Stanford scientists have invented a flexible, high-performance aluminum battery that charges in about 1 minute. Credit: Mark Shwartz, Precourt Institute for Energy, Stanford University
Stanford University scientists have invented the first high-performance aluminum battery that's fast-charging, long-lasting and inexpensive. Researchers say the new technology offers a safe alternative to many commercial batteries in wide use today.
"We have developed a rechargeable aluminum battery that may replace existing storage devices, such as alkaline batteries, which are bad for the environment, and lithium-ion batteries, which occasionally burst into flames," said Hongjie Dai, a professor of chemistry at Stanford. "Our new battery won't catch fire, even if you drill through it."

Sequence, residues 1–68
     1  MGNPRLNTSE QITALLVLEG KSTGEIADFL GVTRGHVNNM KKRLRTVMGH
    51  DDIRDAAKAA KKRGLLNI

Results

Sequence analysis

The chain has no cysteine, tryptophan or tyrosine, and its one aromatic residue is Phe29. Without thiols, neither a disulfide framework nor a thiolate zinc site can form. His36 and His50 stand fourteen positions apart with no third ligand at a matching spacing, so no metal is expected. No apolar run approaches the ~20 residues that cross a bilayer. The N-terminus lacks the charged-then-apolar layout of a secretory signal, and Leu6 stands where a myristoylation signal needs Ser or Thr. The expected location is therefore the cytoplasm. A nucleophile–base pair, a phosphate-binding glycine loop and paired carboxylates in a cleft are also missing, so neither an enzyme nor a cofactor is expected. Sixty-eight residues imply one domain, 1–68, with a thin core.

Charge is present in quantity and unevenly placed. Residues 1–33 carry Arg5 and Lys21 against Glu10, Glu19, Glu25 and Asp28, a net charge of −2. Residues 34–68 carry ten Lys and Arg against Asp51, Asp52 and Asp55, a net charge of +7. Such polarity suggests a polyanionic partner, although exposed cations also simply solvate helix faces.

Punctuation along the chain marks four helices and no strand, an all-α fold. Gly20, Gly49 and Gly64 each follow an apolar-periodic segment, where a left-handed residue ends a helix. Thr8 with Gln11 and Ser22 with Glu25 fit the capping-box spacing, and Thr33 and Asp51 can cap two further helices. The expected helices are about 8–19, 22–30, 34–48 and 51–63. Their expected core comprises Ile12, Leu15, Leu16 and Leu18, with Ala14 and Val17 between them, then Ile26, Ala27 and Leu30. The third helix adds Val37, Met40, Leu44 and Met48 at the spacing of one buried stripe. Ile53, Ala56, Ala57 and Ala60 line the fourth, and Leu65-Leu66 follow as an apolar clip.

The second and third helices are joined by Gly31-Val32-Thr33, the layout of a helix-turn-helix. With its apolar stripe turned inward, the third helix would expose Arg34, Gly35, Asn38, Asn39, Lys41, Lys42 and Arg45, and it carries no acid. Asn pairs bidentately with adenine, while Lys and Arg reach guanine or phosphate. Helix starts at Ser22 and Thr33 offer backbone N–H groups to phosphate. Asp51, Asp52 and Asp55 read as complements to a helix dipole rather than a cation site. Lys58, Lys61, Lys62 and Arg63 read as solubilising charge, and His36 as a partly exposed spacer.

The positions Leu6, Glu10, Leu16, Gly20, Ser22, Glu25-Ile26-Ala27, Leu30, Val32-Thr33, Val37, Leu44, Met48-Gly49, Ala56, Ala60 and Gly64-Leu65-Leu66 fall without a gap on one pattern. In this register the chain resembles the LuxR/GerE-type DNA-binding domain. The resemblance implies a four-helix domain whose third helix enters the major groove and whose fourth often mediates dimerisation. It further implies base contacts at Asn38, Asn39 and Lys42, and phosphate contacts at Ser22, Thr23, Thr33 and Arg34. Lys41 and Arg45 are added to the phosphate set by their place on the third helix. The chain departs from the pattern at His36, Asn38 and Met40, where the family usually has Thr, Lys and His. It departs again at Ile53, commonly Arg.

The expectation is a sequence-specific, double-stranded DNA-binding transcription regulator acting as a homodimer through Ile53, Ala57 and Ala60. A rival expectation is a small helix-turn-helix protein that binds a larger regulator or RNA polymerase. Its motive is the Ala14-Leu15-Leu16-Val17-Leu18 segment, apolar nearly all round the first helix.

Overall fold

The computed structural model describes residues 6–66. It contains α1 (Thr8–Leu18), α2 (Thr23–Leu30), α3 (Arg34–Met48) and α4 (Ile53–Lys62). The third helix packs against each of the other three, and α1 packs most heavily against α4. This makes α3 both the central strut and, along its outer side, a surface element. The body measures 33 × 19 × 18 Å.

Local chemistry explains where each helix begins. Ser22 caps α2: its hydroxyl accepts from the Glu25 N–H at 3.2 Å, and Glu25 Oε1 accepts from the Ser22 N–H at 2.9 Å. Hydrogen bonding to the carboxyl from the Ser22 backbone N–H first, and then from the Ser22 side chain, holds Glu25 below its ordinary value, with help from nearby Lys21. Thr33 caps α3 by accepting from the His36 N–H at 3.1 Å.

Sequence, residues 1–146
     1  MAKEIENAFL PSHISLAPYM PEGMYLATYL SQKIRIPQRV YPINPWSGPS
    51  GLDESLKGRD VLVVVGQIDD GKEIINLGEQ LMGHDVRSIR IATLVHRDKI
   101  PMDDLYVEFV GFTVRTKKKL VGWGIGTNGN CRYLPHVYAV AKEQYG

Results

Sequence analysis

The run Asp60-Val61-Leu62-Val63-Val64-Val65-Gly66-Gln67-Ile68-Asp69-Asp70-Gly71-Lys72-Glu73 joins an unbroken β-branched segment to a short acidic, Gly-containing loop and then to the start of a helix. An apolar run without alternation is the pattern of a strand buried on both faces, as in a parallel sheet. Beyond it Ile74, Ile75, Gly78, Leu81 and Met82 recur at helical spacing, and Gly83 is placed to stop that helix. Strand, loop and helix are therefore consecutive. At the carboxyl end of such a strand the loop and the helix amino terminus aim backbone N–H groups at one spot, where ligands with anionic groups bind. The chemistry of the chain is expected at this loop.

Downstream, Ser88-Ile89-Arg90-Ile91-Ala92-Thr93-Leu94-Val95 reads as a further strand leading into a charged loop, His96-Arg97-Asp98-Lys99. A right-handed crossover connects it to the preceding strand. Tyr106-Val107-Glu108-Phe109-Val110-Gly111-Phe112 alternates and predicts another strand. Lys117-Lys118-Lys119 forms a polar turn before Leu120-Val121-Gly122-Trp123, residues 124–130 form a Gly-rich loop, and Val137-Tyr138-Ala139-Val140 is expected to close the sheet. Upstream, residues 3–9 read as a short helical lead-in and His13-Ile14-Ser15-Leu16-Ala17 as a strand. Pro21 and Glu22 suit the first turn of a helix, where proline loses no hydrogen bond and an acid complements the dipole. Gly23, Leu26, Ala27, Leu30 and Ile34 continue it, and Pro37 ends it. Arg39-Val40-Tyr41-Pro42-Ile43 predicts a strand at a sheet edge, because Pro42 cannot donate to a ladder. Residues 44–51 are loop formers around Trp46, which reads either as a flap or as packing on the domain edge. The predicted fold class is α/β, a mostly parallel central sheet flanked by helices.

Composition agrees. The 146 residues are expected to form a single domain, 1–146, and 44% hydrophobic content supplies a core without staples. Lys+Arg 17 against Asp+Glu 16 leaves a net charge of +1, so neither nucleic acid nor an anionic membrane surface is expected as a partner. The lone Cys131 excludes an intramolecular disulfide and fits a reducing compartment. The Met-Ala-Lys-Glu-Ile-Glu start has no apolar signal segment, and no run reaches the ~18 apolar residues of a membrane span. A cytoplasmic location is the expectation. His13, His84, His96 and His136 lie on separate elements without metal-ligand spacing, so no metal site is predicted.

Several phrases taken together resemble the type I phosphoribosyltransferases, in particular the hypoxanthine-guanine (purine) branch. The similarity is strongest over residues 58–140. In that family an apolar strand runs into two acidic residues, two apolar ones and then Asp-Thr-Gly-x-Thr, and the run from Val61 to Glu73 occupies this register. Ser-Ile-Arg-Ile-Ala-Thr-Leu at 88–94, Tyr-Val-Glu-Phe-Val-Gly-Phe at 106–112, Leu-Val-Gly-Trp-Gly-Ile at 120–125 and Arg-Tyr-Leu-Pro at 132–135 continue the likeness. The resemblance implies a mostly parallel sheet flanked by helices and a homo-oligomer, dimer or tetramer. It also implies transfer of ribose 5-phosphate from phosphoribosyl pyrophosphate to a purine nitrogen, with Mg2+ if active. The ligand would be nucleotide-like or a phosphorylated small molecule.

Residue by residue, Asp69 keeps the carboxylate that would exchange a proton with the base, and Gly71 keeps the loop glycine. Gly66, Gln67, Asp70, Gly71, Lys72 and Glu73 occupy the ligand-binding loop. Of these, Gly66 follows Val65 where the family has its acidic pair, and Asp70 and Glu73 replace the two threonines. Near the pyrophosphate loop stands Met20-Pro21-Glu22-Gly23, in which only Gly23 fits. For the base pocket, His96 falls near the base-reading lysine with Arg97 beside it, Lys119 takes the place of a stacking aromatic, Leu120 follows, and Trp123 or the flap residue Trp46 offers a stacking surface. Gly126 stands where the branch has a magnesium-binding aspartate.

Dai and his colleagues describe their novel aluminum-ion battery in "An ultrafast rechargeable aluminum-ion battery," in the April 6 advance online edition of the journal Nature.
Aluminum has long been an attractive material for batteries, mainly because of its low cost, low flammability and high-charge storage capacity. For decades, researchers have tried unsuccessfully to develop a commercially viable aluminum-ion battery. A key challenge has been finding materials capable of producing sufficient voltage after repeated cycles of charging and discharging.